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ISEE-1 Weimer propagated solar wind data and linearly interpolated to have the measurements on the minute at 60 s resolution FPE data in GSM coordinates. This data set consists of propagated solar wind data that has first been propagated to a position just outside of the nominal bow shock (about 17, 0, 0 Re) and then linearly interpolated to 1 min resolution using the interp1.m function in MATLAB. The input data for this data set is a 1 min resolution processed solar wind data constructed by Dr. J.M. Weygand. The method of propagation is similar to the minimum variance technique and is outlined in Dan Weimer et al. [2003; 2004]. The basic method is to find the minimum variance direction of the magnetic field in the plane orthogonal to the mean magnetic field direction. This minimum variance direction is then dotted with the difference between final position vector minus the original position vector and the quantity is divided by the minimum variance dotted with the solar wind velocity vector, which gives the propagation time. This method does not work well for shocks and minimum variance directions with tilts greater than 70 degrees of the sun-earth line. This data set was originally constructed by Dr. J.M. Weygand for Prof. R.L. McPherron, who was the principle investigator of two National Science Foundation studies: GEM Grant ATM 02-1798 and a Space Weather Grant ATM 02-08501. These data were primarily used in superposed epoch studies References: Weimer, D. R. (2004), Correction to ??Predicting interplanetary magnetic field (IMF) propagation delay times using the minimum variance technique,?? J. Geophys. Res., 109, A12104, doi:10.1029/2004JA010691. Weimer, D.R., D.M. Ober, N.C. Maynard, M.R. Collier, D.J. McComas, N.F. Ness, C. W. Smith, and J. Watermann (2003), Predicting interplanetary magnetic field (IMF) propagation delay times using the minimum variance technique, J. Geophys. Res., 108, 1026, doi:10.1029/2002JA009405. |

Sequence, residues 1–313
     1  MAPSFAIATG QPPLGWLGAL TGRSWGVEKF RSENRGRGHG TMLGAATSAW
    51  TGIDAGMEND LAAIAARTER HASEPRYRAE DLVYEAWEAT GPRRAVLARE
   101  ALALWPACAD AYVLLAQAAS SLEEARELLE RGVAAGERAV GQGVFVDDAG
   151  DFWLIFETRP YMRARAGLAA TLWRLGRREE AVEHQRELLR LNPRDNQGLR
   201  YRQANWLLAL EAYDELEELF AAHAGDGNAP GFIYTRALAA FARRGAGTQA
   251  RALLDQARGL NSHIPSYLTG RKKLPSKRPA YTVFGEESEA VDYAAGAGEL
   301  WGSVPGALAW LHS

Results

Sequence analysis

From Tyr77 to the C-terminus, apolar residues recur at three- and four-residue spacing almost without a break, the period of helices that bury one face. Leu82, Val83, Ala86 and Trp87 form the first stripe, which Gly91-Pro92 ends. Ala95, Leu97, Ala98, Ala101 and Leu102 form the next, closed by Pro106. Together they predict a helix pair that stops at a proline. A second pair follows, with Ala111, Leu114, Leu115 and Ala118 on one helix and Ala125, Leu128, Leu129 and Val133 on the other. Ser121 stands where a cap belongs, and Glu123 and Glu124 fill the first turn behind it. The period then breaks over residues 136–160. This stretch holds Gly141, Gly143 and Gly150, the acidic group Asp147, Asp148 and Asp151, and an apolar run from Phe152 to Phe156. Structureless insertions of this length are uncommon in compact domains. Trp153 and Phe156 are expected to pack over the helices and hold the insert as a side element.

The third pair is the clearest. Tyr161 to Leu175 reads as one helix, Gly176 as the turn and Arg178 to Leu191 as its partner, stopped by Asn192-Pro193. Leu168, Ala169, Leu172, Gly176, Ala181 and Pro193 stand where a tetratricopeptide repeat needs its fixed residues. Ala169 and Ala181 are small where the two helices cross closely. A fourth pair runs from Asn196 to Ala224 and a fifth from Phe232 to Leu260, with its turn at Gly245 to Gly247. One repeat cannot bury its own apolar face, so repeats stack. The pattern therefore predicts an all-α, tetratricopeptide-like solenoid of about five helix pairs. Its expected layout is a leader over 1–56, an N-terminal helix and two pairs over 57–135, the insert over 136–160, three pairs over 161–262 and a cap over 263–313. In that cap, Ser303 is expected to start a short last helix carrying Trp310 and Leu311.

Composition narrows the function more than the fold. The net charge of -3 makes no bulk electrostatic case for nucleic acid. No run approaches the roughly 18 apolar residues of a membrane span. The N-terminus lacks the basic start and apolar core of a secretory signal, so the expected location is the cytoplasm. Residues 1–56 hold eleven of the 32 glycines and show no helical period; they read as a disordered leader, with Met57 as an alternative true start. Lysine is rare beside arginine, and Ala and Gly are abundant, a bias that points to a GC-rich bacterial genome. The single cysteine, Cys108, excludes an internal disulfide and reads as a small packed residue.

39) | ISEE-1 Weimer Propagated 60 s Resolution Tri-axial Fluxgate Magnetometer in GSE Coordinates | |||||||||||||||||
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Resource ID:spase://VMO/NumericalData/Weygand/ISEE1/MAG/Propagated.FPE/GSE/PT60S | ||||||||||||||||||

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ISEE-1 Weimer propagated solar wind data and linearly interpolated to have the measurements on the minute at 60 s resolution tri-axial fluxgate magnetometer data in GSE coordinates. This data set consists of propagated solar wind data that has first been propagated to a position just outside of the nominal bow shock (about 17, 0, 0 Re) and then linearly interpolated to 1 min resolution using the interp1.m function in MATLAB. The input data for this data set is a 1 min resolution processed solar wind data constructed by Dr. J.M. Weygand. The method of propagation is similar to the minimum variance technique and is outlined in Dan Weimer et al. [2003; 2004]. The basic method is to find the minimum variance direction of the magnetic field in the plane orthogonal to the mean magnetic field direction. This minimum variance direction is then dotted with the difference between final position vector minus the original position vector and the quantity is divided by the minimum variance dotted with the solar wind velocity vector, which gives the propagation time. This method does not work well for shocks and minimum variance directions with tilts greater than 70 degrees of the sun-earth line. This data set was originally constructed by Dr. J.M. Weygand for Prof. R.L. McPherron, who was the principle investigator of two National Science Foundation studies: GEM Grant ATM 02-1798 and a Space Weather Grant ATM 02-08501. These data were primarily used in superposed epoch studies. References: Weimer, D. R. (2004), Correction to ??Predicting interplanetary magnetic field (IMF) propagation delay times using the minimum variance technique,?? J. Geophys. Res., 109, A12104, doi:10.1029/2004JA010691. Weimer, D.R., D.M. Ober, N.C. Maynard, M.R. Collier, D.J. McComas, N.F. Ness, C. W. Smith, and J. Watermann (2003), Predicting interplanetary magnetic field (IMF) propagation delay times using the minimum variance technique, J. Geophys. Res., 108, 1026, doi:10.1029/2002JA009405. |